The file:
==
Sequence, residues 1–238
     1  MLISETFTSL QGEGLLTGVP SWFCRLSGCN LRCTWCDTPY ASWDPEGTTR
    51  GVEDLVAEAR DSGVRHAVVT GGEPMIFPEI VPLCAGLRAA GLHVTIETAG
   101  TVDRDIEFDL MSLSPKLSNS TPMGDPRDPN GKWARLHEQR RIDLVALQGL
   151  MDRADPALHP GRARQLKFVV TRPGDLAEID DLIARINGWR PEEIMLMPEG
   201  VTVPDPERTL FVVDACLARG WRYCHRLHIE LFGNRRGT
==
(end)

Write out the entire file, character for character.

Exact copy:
Sequence, residues 1–238
     1  MLISETFTSL QGEGLLTGVP SWFCRLSGCN LRCTWCDTPY ASWDPEGTTR
    51  GVEDLVAEAR DSGVRHAVVT GGEPMIFPEI VPLCAGLRAA GLHVTIETAG
   101  TVDRDIEFDL MSLSPKLSNS TPMGDPRDPN GKWARLHEQR RIDLVALQGL
   151  MDRADPALHP GRARQLKFVV TRPGDLAEID DLIARINGWR PEEIMLMPEG
   201  VTVPDPERTL FVVDACLARG WRYCHRLHIE LFGNRRGT